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GPs told to avoid raft of interventions by royal colleges

Welsh royal colleges have launched their ‘Choosing Wisely’ initiative, giving GPs and other doctors a list of procedures and treatments they should avoid in order to help minimise harm from unnecessary healthcare interventions.

The Academy of Medical Royal Colleges (AMRC) in Wales has told GPs to avoid X-rays or scans in patients with lower back pain and prescribing medicines to frail people in their last year of life except for the control of symptoms. 

The initiative was announced by the UK AMRC last year. As part of the scheme, each of the medical royal colleges was invited to come up with a list of around five treatments or investigations that doctors should avoid doing.

Unveiling the programme in Wales, the AMRC said it wants to ‘embed a broad cultural change in healthcare where clinicians and patients regularly discuss the value of treatments and make shared decisions’.

The programme also encourages GPs to get patients to ask questions about their care – and provide them with a leaflet suggesting the four key questions: ‘What are my options?’; ‘What are the benefits and harms?’; ‘Do I really need this?’; and ‘What can I do to help myself?’.

Of the final list of treatments and tests to avoid, the Wales programme is asking GPs to avoid:

  • X-rays or scans in people with low back pain;
  • long-term prescriptions for PPIs;
  • prescribing medicines to frail people in their last year of life except for the control of symptoms;
  • checking cholesterol levels every year if they are taking a statin, unless they have a history of vascular disease or an inherited lipid disorder.

It also calls for GPs to make sure healthy people are properly involved in choosing to start taking a preventive medication for heart disease or osteoporosis.

In addition, the RCGP says patients should only be considered for treatment with antihypertensive drugs if they have blood pressures of 140-159/90-99 mmHg and other risk factors, and women should always be offered hormone testing before investigating the possibility of polycystic ovary syndrome.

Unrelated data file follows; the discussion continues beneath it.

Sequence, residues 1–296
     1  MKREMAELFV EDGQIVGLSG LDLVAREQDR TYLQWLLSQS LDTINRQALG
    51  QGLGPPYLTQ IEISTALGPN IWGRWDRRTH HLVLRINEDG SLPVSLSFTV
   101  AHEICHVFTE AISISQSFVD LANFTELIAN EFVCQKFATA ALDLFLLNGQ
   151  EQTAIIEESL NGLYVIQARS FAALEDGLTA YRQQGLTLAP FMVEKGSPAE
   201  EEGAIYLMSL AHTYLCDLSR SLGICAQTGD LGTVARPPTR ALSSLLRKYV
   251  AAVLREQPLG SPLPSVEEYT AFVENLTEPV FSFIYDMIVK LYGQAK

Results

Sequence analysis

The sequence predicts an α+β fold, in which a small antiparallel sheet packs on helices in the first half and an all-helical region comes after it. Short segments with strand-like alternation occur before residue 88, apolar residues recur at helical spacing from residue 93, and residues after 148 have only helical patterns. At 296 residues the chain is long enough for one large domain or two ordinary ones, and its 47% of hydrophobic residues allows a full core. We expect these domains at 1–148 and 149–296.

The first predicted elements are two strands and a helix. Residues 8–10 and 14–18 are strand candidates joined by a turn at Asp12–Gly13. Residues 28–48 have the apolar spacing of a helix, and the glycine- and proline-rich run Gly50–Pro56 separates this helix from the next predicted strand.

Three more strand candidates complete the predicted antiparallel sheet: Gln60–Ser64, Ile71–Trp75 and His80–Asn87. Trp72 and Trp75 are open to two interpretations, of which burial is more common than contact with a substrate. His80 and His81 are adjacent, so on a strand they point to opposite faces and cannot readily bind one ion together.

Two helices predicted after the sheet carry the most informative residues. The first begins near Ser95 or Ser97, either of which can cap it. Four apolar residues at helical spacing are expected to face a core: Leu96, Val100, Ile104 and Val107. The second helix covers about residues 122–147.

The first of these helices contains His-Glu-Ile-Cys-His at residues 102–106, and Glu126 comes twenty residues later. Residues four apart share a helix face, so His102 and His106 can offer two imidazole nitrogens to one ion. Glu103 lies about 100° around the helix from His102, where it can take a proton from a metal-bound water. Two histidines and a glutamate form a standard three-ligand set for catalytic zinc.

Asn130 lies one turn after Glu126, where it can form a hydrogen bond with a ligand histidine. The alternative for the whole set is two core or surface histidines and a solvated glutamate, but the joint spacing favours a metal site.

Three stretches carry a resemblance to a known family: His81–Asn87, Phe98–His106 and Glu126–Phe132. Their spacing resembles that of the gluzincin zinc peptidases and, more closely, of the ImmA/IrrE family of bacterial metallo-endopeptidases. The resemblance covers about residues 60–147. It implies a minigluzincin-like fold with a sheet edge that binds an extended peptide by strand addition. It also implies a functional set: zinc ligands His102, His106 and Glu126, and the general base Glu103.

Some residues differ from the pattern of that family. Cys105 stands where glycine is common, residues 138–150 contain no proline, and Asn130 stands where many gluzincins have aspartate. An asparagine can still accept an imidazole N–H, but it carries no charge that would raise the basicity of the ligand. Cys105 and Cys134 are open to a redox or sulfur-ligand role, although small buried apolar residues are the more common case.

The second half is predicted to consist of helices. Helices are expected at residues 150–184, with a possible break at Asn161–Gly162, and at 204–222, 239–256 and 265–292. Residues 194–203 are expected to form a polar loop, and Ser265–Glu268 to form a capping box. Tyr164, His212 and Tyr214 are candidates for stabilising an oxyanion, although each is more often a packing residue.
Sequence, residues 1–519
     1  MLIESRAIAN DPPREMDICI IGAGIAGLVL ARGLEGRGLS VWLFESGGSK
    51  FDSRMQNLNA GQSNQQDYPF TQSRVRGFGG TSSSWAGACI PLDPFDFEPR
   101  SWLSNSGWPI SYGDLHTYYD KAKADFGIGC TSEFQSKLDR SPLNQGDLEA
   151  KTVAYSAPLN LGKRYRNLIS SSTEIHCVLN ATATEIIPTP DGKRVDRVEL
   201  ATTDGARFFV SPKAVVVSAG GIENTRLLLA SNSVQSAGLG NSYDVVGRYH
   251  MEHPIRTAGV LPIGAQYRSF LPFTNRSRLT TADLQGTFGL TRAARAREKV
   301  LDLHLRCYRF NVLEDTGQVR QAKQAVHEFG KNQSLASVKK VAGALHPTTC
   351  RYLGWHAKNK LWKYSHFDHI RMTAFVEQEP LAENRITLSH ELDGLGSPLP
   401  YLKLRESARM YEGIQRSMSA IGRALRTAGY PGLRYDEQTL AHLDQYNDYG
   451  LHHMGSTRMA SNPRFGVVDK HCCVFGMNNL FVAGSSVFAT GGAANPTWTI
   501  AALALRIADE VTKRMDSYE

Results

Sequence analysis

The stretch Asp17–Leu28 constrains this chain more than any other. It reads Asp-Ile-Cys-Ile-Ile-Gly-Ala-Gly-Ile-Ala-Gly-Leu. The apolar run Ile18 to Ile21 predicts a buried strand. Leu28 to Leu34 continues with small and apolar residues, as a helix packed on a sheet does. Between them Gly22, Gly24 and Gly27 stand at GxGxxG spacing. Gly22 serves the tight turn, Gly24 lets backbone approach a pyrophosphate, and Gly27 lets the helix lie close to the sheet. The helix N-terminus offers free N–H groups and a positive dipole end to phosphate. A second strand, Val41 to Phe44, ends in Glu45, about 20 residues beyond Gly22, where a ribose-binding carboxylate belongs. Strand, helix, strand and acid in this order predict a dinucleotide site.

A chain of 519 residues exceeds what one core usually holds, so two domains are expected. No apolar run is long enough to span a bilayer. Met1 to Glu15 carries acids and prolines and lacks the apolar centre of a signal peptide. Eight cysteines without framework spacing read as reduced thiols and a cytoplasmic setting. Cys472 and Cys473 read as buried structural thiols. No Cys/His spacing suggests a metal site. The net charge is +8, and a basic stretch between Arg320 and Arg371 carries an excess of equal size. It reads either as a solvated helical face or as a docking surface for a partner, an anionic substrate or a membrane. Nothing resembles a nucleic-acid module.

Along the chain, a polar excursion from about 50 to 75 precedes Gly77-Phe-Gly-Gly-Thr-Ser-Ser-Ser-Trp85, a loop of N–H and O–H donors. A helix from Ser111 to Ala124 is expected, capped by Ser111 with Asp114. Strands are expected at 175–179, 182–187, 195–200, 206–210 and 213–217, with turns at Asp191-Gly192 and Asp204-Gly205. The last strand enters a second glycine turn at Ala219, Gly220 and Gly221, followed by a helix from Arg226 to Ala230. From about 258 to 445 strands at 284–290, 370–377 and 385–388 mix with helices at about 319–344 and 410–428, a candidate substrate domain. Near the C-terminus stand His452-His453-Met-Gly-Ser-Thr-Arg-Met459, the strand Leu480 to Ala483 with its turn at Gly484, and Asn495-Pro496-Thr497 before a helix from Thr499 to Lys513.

Dr Paul Myres, programme leader and chair of AMRC Wales, who is also a former GP in Wrexham, told Pulse the campaign was about ‘rebalancing the conversations that GPs have with their patients’.

Dr Myres said: ‘We’re looking for patients to be a bit more confident in asking what choices are available to them and for clinicians to be more confident about talking about options and not just saying this is what you should do.’

Of the RCGP recommendations, Dr Myres said that the call to only treat hypertension at above 140/90 mmHg and in patients with other risk factors related to a hangover from earlier guidelines with lower target blood pressures, which meant some patients and GPs still pursue treatment at lower blood pressure levels than this, when lifestyle changes would be more appropriate.

He said the overall message was in line ‘with the overdiagnosis movement, that more is not necessarily better and to look for alternatives’.

But he stressed that although there could be advantages for the NHS in terms of reduced waste and lost opportunity costs, the programme was ‘not about saving money’.

Dr Myres said: ‘We’re not expecting every GP to suddenly work on all five and we recognise that certainly in Wales, local groups may choose to focus on certain ones. What we’re very keen to avoid is for CCGs – or here in Wales, the local health boards – to focus on key areas because what we hear very clearly from patients is that this is about saving money.

‘It’s not about saving money it’s about safety and effectiveness and avoiding waste.’


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